Hire an agent you can’t fire.  This may be the least obvious of the errors, but it is an error.  Why would this matter?  Many sellers may be unaware that once they list with an agent, they cannot cancel the listing agreement –even if they are unhappy.  Being tied up in a 6 month listing agreement with the wrong agent (bad agent, bad marketing, improper preparation of the home, etc.) can not only rack up days on market but can eliminate the opportunity to sell during prime market periods waiting for the listing to expire.  Some agents will “agree to cancel” for a fee.  The best protection for you is obtaining the right to cancel at no charge as part of the listing agreement.

While there certainly are other errors we could elaborate upon, we tried to hit some of the most common.  Want to know more?  As always, we are here to discuss your particular concerns.

 

 

 

 

September Market Update

September Market Update

September 9, 2016 by · Leave a Comment 

As we enter the last quarter of the year, we begin reflecting on how 2016 has compared to 2015.  It has been a remarkably similar year to 2015 – with only some minor variations.travis-graphic-for-sept-2016

The biggest challenge of the 2016 market has been the intensely low inventory in the $175,000 and under market.  The situation began in earnest in 2015 and has only accelerated.  Any buyer shopping in the $100,000-$125,000 price point for single family properties can share their own tale of misery – as the inventory in that range has nearly evaporated.  As we have mentioned in articles past, supply is the harder side of the equation to move – demand being far more mercurial.  Unless we get some institutional owners (hedge firms, investors, etc.) to part with their rental inventory – we see no immediate solution to our entry level, single family home supply issue.  As in years past, buyers in that price range are currently faced with only a few options:  remain a tenant, increase their buying power (i.e. cosigners or increased down payment/income) purchase a condo, purchase a mobile home, or go out of demand areas to lower priced housing.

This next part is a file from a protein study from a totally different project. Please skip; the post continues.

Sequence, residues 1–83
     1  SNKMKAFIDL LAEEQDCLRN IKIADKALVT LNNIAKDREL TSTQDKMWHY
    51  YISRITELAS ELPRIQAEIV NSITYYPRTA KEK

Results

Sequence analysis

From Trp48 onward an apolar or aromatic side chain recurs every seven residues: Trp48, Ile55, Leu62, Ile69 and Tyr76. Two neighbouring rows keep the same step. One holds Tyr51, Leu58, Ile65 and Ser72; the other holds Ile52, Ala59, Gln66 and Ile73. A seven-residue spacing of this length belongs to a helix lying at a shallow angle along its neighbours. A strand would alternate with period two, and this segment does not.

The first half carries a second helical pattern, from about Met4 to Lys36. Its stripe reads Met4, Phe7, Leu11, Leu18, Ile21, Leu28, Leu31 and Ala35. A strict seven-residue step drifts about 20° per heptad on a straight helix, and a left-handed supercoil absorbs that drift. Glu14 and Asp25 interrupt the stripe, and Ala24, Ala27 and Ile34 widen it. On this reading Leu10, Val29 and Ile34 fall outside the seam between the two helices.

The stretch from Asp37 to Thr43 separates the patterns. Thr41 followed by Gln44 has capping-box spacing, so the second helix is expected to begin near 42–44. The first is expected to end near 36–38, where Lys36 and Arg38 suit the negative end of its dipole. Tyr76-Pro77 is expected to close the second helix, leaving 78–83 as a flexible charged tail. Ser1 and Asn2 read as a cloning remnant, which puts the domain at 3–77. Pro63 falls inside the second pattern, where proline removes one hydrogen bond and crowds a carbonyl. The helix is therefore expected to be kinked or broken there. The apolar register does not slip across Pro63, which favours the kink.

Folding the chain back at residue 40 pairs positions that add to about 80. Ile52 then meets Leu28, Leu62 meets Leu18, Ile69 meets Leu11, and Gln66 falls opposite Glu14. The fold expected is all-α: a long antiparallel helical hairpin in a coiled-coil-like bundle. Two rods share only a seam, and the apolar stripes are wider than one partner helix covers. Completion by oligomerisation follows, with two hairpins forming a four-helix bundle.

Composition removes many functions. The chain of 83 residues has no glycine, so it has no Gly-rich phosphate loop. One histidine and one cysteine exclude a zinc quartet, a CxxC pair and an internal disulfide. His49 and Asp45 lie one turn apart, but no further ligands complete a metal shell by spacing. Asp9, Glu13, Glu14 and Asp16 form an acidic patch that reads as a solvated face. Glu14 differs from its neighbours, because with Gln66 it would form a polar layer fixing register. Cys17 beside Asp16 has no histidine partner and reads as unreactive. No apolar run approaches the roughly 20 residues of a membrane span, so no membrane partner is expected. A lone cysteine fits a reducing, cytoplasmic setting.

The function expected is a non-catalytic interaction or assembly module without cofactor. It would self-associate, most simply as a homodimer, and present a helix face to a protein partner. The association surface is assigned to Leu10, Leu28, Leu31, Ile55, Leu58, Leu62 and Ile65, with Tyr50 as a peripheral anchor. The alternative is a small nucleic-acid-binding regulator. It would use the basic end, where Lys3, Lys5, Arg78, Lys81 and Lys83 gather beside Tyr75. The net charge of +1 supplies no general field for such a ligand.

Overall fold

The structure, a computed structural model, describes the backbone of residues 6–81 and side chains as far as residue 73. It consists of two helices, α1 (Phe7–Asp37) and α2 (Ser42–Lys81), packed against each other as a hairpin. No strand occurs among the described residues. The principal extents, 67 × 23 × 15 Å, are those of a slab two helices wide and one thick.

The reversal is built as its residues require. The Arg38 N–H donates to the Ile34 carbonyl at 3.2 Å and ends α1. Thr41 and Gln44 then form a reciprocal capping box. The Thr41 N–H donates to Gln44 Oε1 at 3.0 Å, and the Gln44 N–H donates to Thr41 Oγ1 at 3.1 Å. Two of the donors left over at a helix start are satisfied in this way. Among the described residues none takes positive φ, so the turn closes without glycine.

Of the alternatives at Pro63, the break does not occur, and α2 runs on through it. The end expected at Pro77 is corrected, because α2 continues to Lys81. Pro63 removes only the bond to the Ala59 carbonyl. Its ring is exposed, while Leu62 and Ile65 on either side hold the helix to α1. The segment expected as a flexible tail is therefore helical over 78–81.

Demand has also improved over 2015 – but not dramatically (frankly, we are not unhappy about avoiding “dramatic” trends after the rocket ride of the last 10 years). As our guru, Michael Orr of the Cromford Report opines:

“We are now at the point where inventory hits its minimum level in most years. New listings are arriving only 3% faster than last year and we have seen quite a lot of cancellations, especially at the higher price points. We will be looking to see what sort of inventory growth we get between now and the next peak at the end of November.

Demand is currently holding up, some 5% higher than we would consider normal. However the market conditions are probably going to be determined by changes in the supply.“

We have begun to see the occasional headline warning of an impending drop in demand.  Let us offer some thoughts on the matter.  First, supply and demand are a balancing scale – meaning that when demand exceeds supply – prices go up.  Prices going up, cool off demand.  Cooling demand increases supply.  In other words, this is exactly what is supposed to happen – supply and demand move up and down in a balancing act.  Additionally, our market has uniquely segmented behavior specific to price ranges, rather than the more traditional geographic segments.  Demand has already fallen in the high end – attributed perhaps to an aging population who are downsizing, the stock market, and hot temperatures (buyers with funds flee the valley in the summer).    The mid- range market has been mostly flat, and the low end has been appreciating due to the low levels of supply.  Most importantly, real estate markets are local – not national.  So any broad statement about “the real estate market” should be met with some skepticism.  Here is Michael Orr’s brilliant analysis of our market place: